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I do not like the fashion of your garments.    You will say they are Persian
attire ; but let them be changed.—SHAKESPEARE, King Lear.
The Origin of the Constitutional Movement.—The origin
of the movement in favour of constitutional government
in Persia is quite recent.1 Nasir-u-Din, although
extremely fond of European tours, did not encourage his
subjects to follow his example, nor did he as a rule permit
the sons of the Persian nobility to be educated abroad.
Consequently, European thought and ideas penetrated
into Persia but little during his reign ; and although, as
we have seen, an agitation arose against the Tobacco
Regie, there was nothing in the shape of a popular
demand for a constitution.
During the reign of the timid Muzaffar-u-Din fear of
the Shah weakened and respect diminished. External move-
ments, too, such as the defeat of Russia by Japan, reacted
on the internal situation. Moreover, the number of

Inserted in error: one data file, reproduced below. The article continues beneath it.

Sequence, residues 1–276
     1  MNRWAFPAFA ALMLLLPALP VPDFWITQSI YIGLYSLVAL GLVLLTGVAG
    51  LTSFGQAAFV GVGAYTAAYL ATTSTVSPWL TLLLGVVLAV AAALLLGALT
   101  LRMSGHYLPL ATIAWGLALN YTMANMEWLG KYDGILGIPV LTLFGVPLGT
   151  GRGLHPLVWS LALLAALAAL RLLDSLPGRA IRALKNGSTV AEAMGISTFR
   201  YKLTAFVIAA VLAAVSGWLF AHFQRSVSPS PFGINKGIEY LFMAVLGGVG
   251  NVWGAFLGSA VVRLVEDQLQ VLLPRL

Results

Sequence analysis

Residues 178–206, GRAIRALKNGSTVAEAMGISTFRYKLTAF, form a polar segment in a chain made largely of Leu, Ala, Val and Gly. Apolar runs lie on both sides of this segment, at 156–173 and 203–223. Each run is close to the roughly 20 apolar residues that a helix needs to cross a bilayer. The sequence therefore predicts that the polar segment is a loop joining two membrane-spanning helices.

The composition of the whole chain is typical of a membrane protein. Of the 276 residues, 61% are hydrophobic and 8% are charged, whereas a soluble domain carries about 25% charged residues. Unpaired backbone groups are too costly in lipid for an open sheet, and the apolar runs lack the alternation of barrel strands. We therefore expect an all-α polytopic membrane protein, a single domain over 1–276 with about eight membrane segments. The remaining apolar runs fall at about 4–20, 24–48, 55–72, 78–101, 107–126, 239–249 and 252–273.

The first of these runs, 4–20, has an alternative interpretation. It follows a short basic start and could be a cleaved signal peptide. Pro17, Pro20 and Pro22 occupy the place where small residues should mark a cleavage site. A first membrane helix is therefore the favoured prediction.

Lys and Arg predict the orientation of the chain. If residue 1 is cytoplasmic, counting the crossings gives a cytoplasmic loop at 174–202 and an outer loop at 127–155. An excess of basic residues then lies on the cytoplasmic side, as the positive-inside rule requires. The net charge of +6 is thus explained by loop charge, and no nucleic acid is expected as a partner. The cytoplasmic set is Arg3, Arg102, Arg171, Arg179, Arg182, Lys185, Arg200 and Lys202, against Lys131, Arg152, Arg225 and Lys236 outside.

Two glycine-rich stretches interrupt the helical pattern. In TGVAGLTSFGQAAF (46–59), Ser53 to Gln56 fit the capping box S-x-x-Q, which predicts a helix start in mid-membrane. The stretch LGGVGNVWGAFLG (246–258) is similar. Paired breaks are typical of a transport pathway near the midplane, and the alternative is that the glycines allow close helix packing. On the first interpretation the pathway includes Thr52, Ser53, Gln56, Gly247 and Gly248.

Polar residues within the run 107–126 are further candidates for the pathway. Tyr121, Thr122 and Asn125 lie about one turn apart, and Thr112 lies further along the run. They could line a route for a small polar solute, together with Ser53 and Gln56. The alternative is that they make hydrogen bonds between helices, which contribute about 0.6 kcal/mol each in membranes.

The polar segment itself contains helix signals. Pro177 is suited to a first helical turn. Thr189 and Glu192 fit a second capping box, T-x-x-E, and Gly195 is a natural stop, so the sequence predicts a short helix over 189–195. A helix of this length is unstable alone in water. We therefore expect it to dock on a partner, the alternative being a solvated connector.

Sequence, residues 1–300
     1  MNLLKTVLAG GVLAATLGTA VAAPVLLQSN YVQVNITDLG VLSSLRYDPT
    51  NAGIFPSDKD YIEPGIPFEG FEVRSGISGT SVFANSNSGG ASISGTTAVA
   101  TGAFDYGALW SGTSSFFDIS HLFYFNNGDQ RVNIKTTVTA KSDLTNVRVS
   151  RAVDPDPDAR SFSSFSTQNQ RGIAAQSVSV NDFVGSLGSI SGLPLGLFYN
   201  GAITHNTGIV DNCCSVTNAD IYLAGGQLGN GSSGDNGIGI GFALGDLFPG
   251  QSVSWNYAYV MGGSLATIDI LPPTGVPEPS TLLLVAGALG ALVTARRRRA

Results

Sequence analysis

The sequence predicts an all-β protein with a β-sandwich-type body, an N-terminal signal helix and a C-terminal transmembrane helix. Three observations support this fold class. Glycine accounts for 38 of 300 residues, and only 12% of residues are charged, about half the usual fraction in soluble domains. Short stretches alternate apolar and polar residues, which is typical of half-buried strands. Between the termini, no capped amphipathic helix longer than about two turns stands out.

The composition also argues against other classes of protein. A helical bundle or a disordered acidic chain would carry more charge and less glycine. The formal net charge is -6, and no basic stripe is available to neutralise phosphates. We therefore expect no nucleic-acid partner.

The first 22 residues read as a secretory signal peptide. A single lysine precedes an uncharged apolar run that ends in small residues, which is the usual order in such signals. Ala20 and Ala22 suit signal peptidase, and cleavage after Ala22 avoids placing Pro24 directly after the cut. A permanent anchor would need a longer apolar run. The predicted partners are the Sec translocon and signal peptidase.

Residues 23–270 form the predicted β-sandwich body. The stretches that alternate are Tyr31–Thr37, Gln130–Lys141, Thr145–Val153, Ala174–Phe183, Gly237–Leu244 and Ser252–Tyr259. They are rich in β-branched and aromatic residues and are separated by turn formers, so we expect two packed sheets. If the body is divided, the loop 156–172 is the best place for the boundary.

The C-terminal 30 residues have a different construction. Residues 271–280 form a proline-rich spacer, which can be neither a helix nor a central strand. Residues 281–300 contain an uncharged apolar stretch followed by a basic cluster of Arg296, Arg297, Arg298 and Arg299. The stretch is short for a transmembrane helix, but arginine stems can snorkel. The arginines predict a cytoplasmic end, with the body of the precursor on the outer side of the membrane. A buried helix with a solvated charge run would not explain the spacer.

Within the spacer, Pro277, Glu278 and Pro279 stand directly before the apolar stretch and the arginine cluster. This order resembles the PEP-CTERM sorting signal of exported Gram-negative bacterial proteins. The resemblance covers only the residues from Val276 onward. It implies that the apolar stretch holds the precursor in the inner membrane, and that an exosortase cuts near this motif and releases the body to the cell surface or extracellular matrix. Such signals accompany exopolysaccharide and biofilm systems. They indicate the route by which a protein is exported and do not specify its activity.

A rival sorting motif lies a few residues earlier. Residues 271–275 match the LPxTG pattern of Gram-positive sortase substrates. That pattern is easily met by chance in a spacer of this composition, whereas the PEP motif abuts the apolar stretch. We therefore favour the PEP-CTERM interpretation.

Persians who, by reason of acquiring a European language,
posed as leaders of their fellow-countrymen increased
enormously. Among them were a few well-educated
men, but the large majority were ignorant and intensely
arrogant. Finally, the strong feeling against the loans
and the use to which their proceeds were put was
1 This chapter is based mainly on enquiries made by me from a large number of my
Persian friends, some of whom have played a distinguished part in the constitutional
movement. I have also consulted the Blue Books. Browne, in his Persian Revolution,
has sometimes allowed his heart to run away with his judgment, and has thereby
weakened the cause he pleads for so earnestly.